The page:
In amplitude shift keying, we change the amplitude of this sinusoidal carrier wave according to the digital input signal which is acting as modulating signal (message signal) here.
So the basic concept is, we do not transmit the carrier wave when the digital input signal is '0', and transmit the sinusoidal carrier as it is, for digital input signal '1'.

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You can observe this phenomena in the image carefully, that in this example, we have digital input signal '0', at three places, so for these three digital '0', no carrier signal has been transmitted. But for binary '1' at three places, the full carrier wave has been transmitted without any change.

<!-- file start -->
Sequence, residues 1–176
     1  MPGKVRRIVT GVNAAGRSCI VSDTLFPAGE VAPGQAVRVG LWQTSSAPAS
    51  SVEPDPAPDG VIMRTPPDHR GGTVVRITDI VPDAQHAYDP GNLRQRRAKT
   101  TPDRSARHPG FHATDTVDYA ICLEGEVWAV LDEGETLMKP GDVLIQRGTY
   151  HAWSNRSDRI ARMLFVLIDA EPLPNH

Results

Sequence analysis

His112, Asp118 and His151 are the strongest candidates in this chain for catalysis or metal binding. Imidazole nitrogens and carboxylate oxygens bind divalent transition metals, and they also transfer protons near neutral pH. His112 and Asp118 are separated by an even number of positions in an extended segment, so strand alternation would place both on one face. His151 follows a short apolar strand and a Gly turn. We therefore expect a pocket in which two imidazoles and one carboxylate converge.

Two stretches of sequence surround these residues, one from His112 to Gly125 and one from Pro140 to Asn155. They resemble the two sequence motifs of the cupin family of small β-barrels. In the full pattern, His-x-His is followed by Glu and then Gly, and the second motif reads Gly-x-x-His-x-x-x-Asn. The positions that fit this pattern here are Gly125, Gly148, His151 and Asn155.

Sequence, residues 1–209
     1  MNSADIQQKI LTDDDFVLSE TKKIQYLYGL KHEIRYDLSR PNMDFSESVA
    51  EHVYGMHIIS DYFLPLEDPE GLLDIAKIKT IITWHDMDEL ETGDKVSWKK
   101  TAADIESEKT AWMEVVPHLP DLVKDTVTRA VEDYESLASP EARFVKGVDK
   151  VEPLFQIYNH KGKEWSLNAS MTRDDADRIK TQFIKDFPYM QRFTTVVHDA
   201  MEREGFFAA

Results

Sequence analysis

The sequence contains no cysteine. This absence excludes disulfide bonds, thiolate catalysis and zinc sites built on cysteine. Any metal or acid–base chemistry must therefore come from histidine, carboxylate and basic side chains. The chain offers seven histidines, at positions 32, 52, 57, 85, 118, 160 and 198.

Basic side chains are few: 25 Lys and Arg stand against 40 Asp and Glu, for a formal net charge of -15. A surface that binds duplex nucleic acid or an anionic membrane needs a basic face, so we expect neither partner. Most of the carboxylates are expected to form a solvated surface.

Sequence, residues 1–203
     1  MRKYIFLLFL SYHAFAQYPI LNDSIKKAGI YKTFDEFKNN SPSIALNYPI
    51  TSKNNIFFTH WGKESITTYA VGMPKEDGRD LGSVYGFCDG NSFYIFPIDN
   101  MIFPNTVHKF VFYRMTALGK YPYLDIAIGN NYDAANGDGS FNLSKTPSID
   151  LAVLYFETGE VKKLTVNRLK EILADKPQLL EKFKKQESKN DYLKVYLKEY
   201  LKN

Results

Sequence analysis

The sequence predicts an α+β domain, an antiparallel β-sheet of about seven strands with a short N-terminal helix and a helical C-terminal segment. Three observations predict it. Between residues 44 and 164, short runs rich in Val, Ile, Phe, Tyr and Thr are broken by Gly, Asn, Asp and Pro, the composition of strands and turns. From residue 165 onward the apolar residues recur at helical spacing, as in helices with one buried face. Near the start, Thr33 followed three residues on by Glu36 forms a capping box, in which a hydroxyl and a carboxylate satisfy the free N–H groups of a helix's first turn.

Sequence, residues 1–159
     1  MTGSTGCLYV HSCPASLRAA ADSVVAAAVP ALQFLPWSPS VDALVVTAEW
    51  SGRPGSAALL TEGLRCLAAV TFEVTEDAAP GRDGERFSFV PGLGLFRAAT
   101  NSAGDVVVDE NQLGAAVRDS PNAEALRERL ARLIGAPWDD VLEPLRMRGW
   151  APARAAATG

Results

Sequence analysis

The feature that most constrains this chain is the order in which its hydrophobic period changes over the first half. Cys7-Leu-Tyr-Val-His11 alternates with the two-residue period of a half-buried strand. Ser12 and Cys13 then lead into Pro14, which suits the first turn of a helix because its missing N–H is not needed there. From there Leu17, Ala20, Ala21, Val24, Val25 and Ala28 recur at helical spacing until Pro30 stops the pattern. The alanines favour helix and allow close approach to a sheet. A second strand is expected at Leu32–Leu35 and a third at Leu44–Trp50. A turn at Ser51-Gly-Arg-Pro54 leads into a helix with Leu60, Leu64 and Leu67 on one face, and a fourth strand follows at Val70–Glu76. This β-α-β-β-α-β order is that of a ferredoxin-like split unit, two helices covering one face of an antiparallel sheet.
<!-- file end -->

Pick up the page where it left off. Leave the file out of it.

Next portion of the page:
Here the amplitude of the sinusoidal carrier wave is switched, as per the digital input signal. The carrier wave is either not transmitted or transmitted for digital input signal '0' or '1' respectively. That is why amplitude shift keying (ASK) is also called as "ON - OFF Keying (OOK)".
Now we will discuss the Frequency Shift Keying (FSK)

Frequency Shift Keying (FSK)


If the frequency of sinusoidal carrier wave is varied (switched) as per the digital input signal, then it is known as the frequency shift keying (FSK). It is analogous to frequency modulation (analog modulation).
The reason behind why FSK is analogous to FM, is....
In Frequency Modulation (FM), the frequency of the carrier wave is varied according to the instantaneous value of the modulating signal, in the same way in frequency shift keying also, the frequency of the sinusoidal carrier wave is varied (switched) as per the digital input signal. The difference is only of the nature of the modulating signal. In FM the modulating signal is of analogue nature while in FSK modulating signal is digital.